Research Methods

This study focuses on real cases of active self-regulation in the field of climate change response to understand the perceptions and specific circumstances of expert groups and private business groups for each system. Self-regulation, for this study, does not constitute government-imposed regulations, but rules that are centered on private associations and organizations, or rules voluntarily complied with by companies themselves. Various forms of self-regulation exist depending on the degree of regulation placed on members and the presence (or absence) of legal bases. In the field of climate change response, the Voluntary Energy Efficiency Target System has companies sign a contract with the Korea Energy Agency (KEA) to voluntarily reduce the energy consumption of energy-intensive workplaces in the industrial power generation sector. The Environmental Declaration of Product (carbon field) is a system that converts the amount of greenhouse gases (GHGs) generated in all processes of supplying products and services into carbon dioxide emissions and labels them accordingly. Low-carbon product certification can be obtained by meeting the low-carbon product declaration; this may be regarded as self-regulation in that participation in the system is not mandated by the government, but is a choice made by companies.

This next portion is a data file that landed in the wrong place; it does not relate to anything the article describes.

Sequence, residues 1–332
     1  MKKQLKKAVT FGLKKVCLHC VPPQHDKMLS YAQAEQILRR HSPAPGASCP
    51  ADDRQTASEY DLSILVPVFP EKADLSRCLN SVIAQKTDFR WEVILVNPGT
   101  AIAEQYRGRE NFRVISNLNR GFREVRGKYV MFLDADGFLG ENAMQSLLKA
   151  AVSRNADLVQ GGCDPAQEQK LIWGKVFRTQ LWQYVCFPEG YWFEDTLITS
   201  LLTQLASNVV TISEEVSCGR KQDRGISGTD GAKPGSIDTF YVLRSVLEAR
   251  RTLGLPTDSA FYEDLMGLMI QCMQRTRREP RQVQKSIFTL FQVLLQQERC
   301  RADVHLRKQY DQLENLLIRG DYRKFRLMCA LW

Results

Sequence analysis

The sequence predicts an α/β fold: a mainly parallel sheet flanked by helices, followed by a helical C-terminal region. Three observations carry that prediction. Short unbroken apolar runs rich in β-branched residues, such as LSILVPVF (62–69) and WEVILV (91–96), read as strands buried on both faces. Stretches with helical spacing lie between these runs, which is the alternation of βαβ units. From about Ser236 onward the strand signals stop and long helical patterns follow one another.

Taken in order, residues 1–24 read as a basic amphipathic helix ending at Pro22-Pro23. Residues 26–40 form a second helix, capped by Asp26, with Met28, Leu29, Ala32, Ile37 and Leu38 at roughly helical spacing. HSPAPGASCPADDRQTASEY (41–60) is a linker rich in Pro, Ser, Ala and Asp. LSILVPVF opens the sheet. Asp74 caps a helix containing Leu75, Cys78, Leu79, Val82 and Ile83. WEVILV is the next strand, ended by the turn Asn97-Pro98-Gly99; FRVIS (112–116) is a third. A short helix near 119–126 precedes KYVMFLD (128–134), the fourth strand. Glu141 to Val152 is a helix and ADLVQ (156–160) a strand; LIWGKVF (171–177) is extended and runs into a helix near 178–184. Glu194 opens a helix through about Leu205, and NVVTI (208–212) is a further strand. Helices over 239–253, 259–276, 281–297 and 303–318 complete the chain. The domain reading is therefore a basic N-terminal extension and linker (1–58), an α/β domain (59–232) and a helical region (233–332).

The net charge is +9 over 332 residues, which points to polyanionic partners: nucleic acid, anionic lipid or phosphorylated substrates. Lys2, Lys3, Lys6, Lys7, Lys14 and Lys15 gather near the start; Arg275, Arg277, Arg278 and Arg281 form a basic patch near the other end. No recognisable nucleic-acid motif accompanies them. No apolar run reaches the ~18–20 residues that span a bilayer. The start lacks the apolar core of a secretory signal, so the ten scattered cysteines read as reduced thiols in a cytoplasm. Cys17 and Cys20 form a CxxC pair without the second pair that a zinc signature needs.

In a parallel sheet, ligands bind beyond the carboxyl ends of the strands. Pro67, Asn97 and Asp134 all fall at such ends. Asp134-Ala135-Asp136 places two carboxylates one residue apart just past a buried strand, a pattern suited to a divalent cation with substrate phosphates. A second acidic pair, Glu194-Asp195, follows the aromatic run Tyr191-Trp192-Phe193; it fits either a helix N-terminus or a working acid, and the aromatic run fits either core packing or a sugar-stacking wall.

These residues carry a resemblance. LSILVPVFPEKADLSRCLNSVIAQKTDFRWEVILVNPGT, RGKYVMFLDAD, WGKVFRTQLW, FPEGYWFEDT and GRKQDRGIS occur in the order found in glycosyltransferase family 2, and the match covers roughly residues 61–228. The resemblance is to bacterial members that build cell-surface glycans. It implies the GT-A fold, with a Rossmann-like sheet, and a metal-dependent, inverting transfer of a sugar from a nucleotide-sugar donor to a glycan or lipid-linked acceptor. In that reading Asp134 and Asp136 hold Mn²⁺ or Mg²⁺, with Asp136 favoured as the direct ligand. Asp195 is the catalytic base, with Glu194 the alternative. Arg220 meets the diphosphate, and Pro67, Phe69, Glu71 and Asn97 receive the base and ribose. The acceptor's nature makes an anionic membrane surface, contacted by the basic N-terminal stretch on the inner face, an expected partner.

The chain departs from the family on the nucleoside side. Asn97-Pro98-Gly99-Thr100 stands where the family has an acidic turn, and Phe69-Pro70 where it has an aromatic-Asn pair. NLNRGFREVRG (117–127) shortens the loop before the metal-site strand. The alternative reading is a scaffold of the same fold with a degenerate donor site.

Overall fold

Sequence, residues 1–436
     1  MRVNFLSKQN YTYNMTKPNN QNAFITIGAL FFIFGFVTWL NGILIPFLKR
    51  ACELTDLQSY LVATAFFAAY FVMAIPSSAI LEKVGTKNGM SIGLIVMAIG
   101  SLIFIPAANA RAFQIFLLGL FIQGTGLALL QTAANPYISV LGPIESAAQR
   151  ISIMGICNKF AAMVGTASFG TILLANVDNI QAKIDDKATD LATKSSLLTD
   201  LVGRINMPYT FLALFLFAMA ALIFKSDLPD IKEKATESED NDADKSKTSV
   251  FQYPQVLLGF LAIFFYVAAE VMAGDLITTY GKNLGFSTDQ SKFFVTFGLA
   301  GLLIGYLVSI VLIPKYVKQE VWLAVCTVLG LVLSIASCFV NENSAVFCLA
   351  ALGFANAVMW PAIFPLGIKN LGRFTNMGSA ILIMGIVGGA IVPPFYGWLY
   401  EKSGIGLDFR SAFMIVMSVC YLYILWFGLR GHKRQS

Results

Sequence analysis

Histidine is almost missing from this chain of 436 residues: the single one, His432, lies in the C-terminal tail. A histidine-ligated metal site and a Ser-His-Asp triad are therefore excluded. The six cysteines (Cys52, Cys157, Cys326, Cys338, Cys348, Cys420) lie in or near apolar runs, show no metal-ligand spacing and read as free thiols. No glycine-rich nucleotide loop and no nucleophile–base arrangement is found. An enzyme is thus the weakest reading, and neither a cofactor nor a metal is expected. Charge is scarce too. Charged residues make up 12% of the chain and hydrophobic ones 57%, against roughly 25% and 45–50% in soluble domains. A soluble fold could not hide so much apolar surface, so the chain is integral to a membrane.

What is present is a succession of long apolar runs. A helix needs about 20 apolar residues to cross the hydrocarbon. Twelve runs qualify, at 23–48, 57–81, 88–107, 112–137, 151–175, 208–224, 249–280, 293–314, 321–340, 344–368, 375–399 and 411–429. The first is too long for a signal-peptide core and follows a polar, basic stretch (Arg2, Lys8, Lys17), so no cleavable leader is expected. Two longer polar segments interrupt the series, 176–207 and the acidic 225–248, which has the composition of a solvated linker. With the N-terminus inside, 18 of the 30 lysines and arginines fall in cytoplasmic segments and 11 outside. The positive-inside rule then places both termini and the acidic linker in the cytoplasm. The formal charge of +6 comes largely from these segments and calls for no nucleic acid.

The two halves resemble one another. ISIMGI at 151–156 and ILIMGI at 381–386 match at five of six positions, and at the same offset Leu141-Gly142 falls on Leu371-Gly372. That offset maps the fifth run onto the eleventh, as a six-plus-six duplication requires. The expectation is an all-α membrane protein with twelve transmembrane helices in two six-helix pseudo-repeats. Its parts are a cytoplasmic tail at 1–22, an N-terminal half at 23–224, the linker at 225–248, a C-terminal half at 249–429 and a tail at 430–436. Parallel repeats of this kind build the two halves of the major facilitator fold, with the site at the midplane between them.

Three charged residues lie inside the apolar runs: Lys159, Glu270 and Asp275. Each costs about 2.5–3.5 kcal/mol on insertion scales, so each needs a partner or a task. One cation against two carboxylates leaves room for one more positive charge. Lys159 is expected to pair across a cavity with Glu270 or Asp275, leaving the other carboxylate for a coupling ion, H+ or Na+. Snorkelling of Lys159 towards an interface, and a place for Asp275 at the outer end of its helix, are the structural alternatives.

This study carried out focus group interviews with people involved in the Voluntary Energy Efficiency Target System and Environmental Declaration of Product (EDP). The researchers provided an outline of questions to survey takers, who responded with open-ended answers. The inputs of experts from each organization were recorded and analyzed during meetings set up on the online conference platform Zoom. The collected video and audio data were converted into text files using Naver Clova.

The researchers analyzed the data collected from stakeholders in the climate environment sector, where self-regulatory systems have already been introduced or have completed their first phase of operation, to understand the characteristics of each subject, and to thus more accurately identify their policy demands. Through this analysis, this study aims to provide implications for future policy development on self-regulation, by focusing on the persons participating in the system and identifying their related policy demands, reaching beyond existing studies that only examine the systems themselves.